As a mom, and an Army wife I have been thinking since the time I got pregnant with my first son on how to incorporate normal kid things in my children’s life with our ever changing surroundings. Some things I could not plan on being normal, like having friends for long periods of time because as military life goes people come and people go and that is just part of the life style. On a trip home to visit my husband’s grandfather our boys both got measured on the family growth wall. This wall is amazing, it has growth measurements from three generations of family and extended family. As amazing it was for our kids to make it on the wall, it made me sad that our children won’t get the measuring post or door because we would be moving. So I decided right then and there I was going to make a chart for each of our boys that will travel with us and be durable and stylish enough for me to want to display it where ever we end up. I wanted something artsy, not too literal, colorful, and full of the each boys unique personality.
We have all seen this photo right?
but have you seen this one?
Now you have!
This is what served as my inspiration. I have started my boys growth charts which will be a 18 year long living growing art piece that they will take with them to their next house (if they want). I think that the coolest thing about this idea, for me at least, is that it will always be changing and allowing the boys to pick their color crayon when they are old enough to make a decision will give a clue to who the boys were at the moment they are measured. Also if I get really crafty I can include extra drawings or paintings interspersed with the crayon melting’s. So here is my DIY for how to make your own!
You will need:
A large canvas (my husband is 6’4 and his relatives are all tall as are all my family members so I got 7′ by 2′ canvases at 50% off too!)
A box of crayons ($0.25 also on sale)
Old hair dryer
Hot glue gun with at least one glue stick
Patience and a sense of humor
Start by choosing colors and peeling the paper off the crayons you are going to use, or having your child choose his own color.
Set your canvase on the floor standing straight up against a wall and have your child stand heals against it as straight as they can. Mark the top of their head with a single light line in sharpie at whatever position horizontally you want your crayon to be at. (I am using a zig-zag pattern to stagger my crayons so I can get maximum melt each time)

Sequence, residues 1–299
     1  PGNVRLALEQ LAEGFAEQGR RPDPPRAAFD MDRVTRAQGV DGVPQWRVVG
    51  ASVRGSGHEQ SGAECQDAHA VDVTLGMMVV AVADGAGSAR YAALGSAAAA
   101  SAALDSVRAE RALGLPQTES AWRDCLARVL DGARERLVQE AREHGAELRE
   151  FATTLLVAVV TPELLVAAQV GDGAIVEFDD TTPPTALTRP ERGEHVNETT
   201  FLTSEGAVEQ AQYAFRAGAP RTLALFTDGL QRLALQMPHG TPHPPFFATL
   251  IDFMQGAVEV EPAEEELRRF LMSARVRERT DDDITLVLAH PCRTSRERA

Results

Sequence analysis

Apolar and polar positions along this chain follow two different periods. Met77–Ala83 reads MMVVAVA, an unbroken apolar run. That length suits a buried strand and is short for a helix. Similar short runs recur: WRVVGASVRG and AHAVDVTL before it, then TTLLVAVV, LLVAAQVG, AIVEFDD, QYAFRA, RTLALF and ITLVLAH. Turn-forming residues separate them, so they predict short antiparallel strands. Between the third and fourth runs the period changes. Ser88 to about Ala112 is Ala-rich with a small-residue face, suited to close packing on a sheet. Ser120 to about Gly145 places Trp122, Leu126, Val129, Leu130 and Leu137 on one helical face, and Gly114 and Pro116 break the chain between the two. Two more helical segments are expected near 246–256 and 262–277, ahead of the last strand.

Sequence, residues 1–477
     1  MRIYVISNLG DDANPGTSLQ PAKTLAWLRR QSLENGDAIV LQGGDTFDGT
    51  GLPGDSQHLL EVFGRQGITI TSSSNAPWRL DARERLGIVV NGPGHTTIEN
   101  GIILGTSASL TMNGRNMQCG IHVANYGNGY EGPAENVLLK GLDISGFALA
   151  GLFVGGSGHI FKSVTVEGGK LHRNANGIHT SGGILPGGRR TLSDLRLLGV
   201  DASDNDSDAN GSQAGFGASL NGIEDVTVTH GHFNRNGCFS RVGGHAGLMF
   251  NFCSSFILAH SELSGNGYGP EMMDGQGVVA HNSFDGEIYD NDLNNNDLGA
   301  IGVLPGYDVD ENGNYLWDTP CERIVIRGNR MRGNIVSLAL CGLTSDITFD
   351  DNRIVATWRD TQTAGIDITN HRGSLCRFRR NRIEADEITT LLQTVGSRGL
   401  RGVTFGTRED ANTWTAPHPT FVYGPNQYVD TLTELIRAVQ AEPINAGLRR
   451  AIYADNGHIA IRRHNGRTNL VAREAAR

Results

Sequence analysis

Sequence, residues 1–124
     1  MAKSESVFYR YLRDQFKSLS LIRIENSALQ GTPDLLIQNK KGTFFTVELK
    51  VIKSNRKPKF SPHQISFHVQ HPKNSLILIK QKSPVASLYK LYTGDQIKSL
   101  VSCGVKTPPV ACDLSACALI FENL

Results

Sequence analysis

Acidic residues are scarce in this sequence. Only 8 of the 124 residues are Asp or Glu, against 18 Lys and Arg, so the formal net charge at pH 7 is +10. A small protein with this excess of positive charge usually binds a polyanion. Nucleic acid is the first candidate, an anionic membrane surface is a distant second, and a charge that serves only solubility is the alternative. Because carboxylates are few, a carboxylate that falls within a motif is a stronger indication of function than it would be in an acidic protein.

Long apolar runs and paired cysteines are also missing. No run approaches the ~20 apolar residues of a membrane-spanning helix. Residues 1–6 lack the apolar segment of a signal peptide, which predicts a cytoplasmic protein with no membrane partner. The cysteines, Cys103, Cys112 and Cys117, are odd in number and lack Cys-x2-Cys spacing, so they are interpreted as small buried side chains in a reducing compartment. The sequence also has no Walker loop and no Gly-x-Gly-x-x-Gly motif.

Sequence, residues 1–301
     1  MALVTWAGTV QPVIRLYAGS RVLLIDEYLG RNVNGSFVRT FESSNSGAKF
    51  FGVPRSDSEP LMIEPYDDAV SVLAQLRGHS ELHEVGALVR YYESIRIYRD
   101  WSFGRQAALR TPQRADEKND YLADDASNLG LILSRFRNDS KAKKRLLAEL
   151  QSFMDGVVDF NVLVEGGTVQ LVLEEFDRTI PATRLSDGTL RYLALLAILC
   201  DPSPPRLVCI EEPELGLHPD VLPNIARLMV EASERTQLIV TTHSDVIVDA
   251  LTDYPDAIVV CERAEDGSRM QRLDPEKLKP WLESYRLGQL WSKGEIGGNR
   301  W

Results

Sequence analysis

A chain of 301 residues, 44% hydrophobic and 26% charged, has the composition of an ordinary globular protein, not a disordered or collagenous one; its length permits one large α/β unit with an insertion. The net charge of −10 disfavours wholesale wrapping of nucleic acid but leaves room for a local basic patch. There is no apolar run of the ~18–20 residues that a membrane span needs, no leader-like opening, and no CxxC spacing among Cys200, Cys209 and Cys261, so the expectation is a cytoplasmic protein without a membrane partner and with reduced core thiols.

Then using your handy dandy hot glue gun (which you have plugged in and ready to go because you are that kind of awesome) apply a thin bead of glue to your crayon being careful not to touch the glue gun to the crayon because it melts the wax and then your glue won’t stick to the crayon rather slide off and stick to your skin (hot and not very fun, lesson learned the hard way)
Very quickly stick that crayon on the line you marked for your child’s height.
Now let everything cool for a few minuets. It should look something like this
Once everything is entirely cooled begin heating the crayons one at a time with the blow dryer. I would start on your lowest blowing speed until you have a good solid amount of melting going on and the melting connects to the canvas all the way across. The reason for this is I discovered that high speed blowing will blow the melting crayon right off the glue and onto random places on the canvas or your carpet ( I have the blue carpet stain to prove it haha).
Once you have started to melt the crayons you want to step back and take a look at the canvas from a distance every so often so you can make sure it is looking right to you and make adjustments as you go.
A little while later…
A tip though, don’t do a dark color above a lighter color. See the grey above the yellow? When the grey melted it also sort of melted the yellow and then the air blew the two together and I got this weird looking area. Learn from my errors haha. I think that within the next week or so I will be putting either a monogram in the lower right corners of each chart or a silhouette figure. A monogram would be less unique because my boys have the same initials, but at this age I’m not sure a silhouette would look right. When I figure out exactly what is going to go there I will write an update, but for right now this is where the charts are at.
Thanks for reading! Please feel free to pin!